The Big Championship Preview: Clemson has the higher ceiling, but will Alabama's D give Deshaun Watson time to reach it?
The Big Championship Preview: Clemson has the higher ceiling, but will Alabama’s D give Deshaun Watson time to reach it?
In college football, rematches on the sport’s biggest stage are exceedingly rare. In the BCS/Playoff era, there has never been a championship rematch — since 1998, only five schools have earned repeat bids to the title game in the first place, and none faced the same opponent on both trips.
Going back further, no two teams have both closed at No. 1 and No. 2 in the final Associated Press poll in consecutive seasons since Notre Dame and Miami did it in 1988-89, before the concept of a true “championship game” existed. No two teams have faced each other with both sitting atop the poll in back-to-back years, at any point on the calendar, since Miami and Oklahoma in 1986-87. The only other time it happened was in World War II. One team putting together that kind of run over multiple seasons is difficult enough; two, coinciding, is almost unheard of.
So regardless of how it unfolds, Monday night’s championship rematch between Alabama and Clemson qualifies as historic: Just to get to this point, the Tigers and Crimson Tide have had to run historic, parallel gauntlets over the past two years, rolling up a combined 46-2 record in the regular season, a 4-0 mark in conference championship games, and a 4-0 run in semifinal dates against other (ostensibly) elite opponents. In the latter category, all four of those wins have come by at least 17 points, leaving no doubt which two teams had earned their reservations in the finale.
Personnel-wise, their consistency is all the more impressive considering how just how much the current editions had to replace from the outfits that squared off last year in Arizona. These are substantially the same teams despite a mass exodus from both lineups: Alabama won that game in thrilling fashion, then bid farewell to its starting quarterback, Heisman-winning tailback, longtime defensive coordinator, and seven starters from the nation’s most dominant defense; this year, it’s back, again, largely on the strength of the nation’s most dominant defense, under first-year DC Jeremy Pruitt.
Clemson still has the headliner of last year’s tilt, Deshaun Watson, but also lost seven defensive starters from that game to the draft; still, the Tigers arrive boasting a top-10 defense, fresh from a 31-0 trouncing of Ohio State that ranks as the best defensive performance of Dabo Swinney’s tenure as head coach.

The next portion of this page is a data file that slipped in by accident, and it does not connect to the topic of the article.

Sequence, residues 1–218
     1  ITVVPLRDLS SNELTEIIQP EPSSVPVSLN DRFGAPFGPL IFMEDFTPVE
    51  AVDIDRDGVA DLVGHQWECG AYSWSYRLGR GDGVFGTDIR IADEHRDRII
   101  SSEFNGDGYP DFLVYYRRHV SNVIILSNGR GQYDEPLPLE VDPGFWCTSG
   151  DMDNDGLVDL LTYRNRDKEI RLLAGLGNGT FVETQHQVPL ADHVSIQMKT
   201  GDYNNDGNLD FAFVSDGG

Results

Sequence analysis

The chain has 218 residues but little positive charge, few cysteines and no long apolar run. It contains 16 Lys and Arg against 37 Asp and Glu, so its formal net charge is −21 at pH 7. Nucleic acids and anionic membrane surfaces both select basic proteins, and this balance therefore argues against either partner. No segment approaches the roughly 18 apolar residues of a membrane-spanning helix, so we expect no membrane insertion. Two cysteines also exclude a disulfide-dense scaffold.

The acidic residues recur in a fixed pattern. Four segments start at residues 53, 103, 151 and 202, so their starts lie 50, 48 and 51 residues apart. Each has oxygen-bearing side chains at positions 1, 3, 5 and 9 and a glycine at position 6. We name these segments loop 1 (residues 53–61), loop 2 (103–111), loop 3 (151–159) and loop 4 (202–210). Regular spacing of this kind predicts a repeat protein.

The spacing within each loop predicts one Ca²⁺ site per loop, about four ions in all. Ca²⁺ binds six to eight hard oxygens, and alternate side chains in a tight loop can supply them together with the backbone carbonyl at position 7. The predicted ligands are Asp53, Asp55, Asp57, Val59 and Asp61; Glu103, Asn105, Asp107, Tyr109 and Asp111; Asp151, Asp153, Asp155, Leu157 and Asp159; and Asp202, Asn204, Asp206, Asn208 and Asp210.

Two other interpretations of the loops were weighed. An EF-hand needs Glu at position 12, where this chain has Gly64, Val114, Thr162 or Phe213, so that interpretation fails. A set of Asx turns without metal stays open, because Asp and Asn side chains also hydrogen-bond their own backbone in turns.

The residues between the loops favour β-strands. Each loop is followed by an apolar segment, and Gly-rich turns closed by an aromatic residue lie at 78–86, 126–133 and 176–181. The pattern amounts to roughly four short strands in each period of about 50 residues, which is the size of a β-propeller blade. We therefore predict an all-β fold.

Faces change, the beat goes on. If the second go-round is anywhere near as memorable as the first, keep them coming.
When Alabama Has the Ball
This is a strange thing to say approaching the 15th game of the season, but at the moment it’s hard to know quite what to expect from Alabama’s offense. The semifinal win over Washington was Jalen Hurts’ worst outing yet as a passer, a 7-for-14, 57-yard dud that led directly to the decision to toss Lane Kiffin overboard at the eleventh hour and hand over play-calling duties for the championship to Steve Sarkisian. It’s hard to imagine an odder or more inconvenient time for an identity crisis.
So what now? Saban’s not about to overhaul the playbook in the course of a week — of the many possibilities that might cause Clemson’s coaches to lose sleep this weekend, preparing for, say, the triple option won’t be one of them — and we’ve all been assured that Sarkisian has a firm grasp of the offense since joining the staff in September as an “analyst,” whatever that means. (Sarkisian was reportedly paid $35,000 and tasked specifically with strategizing for third downs.) The situation might seem more melodramatic from the outside, where media and non-Bama fans are drawn to any narrative that breaks up the monotony of another by-the-book finish from the sport’s reigning dynasty, than it does within the team.
Players, naturally, insist they’re down with the change, and claim practices are going even “faster and smoother” than usual. If anyone deserves the benefit of a doubt in the wake of an abrupt personnel change, it’s Saban, who seems to have carved out a role for Sarkisian months ago with an eye toward precisely this scenario. But the timing is … uh, weird, to say the least.
The easy answer, of course, is that Bama will do what Bama has always done, and what most of the fan base was screaming for Kiffin to do when the play-calling got a little too pass-happy in the second and third quarters of the Peach Bowl: When in doubt, run the dang ball. Statistically, Clemson’s defense isn’t as stout against the run as Washington’s, which the Crimson Tide’s mammoth offensive line succeeded in pushing around for 289 yards (not including sacks) on 6.1 per carry. Bo Scarbrough, a Tuscaloosa native, was a revelation against the Huskies, finally fulfilling his birthright as the next huge, terrifyingly athletic Alabama running back after battling injuries for most of the past two seasons. Spread tendencies notwithstanding, Scarbrough and fellow sophomore Damien Harris fit perfectly into the Tide’s recent lineage of complementary, thunder-and-lightning workhorses; add Hurts on the zone read, and this remains the most productive backfield of the Saban era at nearly 250 rushing yards per game.
Beyond the numbers, though, Alabama’s routine dominance in the trenches is hardly a foregone conclusion. Clemson has talent: D-line starters Christian Wilkins, Carlos Watkins, Dexter Lawrence, and Clelin Ferrell were all touted recruits who ranked among the top 100 overall prospects in their respective classes, and all four have flashed first-round potential. They certainly looked the part against Ohio State, holding the Buckeyes to one of their worst games under Urban Meyer in terms of rushing yards (88) and yards per carry (3.8) en route to the shutout.